So, how strong is your pulse?

Last week we publishedTaking Our Pulse: The OCLC Research Survey of Special Collections and Archives, which updates and significantly expands an earlier survey done by ARL in 1998. Some pretty fascinating outcomes, at least for those like me who are deeply invested in the special collections and archives realm and also have a data geek streak. I also presented a webinar on some of the major outcomes, and the slides are here (recording coming soon).

How to summarize? For starters, here’s what I call the “wet blanket” overview of the data, otherwise known as “What’s wrong with this [big] picture?”

  1. Overall collections size is growing
  2. Use is increasing
  3. Too many materials remain “hidden”
  4. Backlogs continue to grow
  5. Staffing is generally stable (or was, as of 2008/09)
  6. 75% of library budgets have been cut

What does this tell us? IMHO, anyone who is waiting for a miracle drug in the guise of a generous handout of staff and funding is in danger of going on life support. Let’s get real: challenges in managing special collections are huge, and perhaps getting huger — but are we any different from other research library sectors in which demands, old and new, outstrip available resources? Our collections may be “special,” but when we’re competing for the same nonexistent resources as our other library colleagues, we better be able to demonstrate a healthy lifestyle. And that means responsible special collections management that places top priority on making all materials discoverable, and without delay.

The report includes a bunch of recommended action items intended to address some weaknesses that seem to affect the collective health of special collections, to wit:

  1. Develop and promulgate metrics. (We can’t justify what we can’t measure.)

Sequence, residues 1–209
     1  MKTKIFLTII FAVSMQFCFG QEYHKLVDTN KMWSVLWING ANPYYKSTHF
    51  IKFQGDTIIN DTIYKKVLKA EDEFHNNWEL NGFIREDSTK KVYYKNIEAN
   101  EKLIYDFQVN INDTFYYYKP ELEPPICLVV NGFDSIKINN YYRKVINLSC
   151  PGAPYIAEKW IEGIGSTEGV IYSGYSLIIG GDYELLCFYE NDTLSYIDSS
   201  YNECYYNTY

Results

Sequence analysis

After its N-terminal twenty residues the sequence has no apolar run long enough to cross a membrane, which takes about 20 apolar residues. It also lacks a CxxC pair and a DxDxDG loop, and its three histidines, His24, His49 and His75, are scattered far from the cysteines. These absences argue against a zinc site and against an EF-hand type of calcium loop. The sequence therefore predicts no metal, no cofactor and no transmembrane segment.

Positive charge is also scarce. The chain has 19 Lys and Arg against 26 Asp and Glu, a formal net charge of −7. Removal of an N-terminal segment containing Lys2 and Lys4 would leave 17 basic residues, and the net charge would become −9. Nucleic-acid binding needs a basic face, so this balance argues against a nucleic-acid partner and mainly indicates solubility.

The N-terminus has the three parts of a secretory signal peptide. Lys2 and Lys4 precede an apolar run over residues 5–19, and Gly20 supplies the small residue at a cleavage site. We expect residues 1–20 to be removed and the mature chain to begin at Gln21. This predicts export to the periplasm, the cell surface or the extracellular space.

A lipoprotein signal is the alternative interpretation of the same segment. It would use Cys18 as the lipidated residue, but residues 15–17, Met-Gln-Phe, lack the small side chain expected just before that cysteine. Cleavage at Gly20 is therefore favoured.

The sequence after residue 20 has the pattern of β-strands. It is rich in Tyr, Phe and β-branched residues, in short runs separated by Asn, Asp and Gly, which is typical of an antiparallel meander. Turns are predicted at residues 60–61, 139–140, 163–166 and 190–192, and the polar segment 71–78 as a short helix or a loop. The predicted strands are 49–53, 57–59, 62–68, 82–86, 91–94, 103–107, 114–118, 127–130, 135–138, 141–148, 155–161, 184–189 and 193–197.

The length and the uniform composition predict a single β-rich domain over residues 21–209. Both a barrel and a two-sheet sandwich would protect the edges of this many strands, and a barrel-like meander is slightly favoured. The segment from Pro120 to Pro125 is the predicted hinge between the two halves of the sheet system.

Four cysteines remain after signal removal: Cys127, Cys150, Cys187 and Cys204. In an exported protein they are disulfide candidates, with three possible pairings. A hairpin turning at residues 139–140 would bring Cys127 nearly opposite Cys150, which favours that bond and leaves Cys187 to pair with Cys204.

2. Explore potential for collaborative collection development. (Why don’t we do it? What would it look like?)
  3. Deal collaboratively with preservation of audiovisual materials. (They’re rotting. Do we care?)
  4. Liberally facilitate access. (If you say you permit digital cameras, interlibrary loan, and access to unprocessed stuff, say yes more often than no.)
  5. Adopt replicable, sustainable methodologies for cataloging and processing and stop the growth of backlogs. (Too much new stuff pouring in? Too few staff? Sorry, but excuses don’t cut it: your job is to get the stuff at least minimally discoverable.)
  6. Develop shared capacities to catalog published materials that remain invisible. (Less than half of maps and one quarter of graphics have online access. Can we somehow collaborate?)
  7. Convert legacy finding aids. (Just. Do. It.)
  8. Develop models for large-scale digitization. (Boutique is out; wholesale digitization is in. Can we attain impressive production levels?)
  9. Figure out where the corpus of digitized rare books is weak. (Are there big holes in what’s available online, including as open-access content?)
  10. Get moving on born digital! Define which types need “special collections” treatment, basic steps for getting off the dime, and use cases and cost models. (Progress on born-digital in academic and research libraries is … unimpressive.)
  11. Confirm areas in which education and training opportunities aren’t adequate. (E.g., more than 80% lack the skills for managing born-digital? No wonder we’ve gotten nowhere.)

Are these important? Feasible? Don’t get me wrong—I’m not saying they’re easy. But let’s be collectively ambitious. Let me know what you think. Help set the agenda. Let’s get our collective pulse racing.

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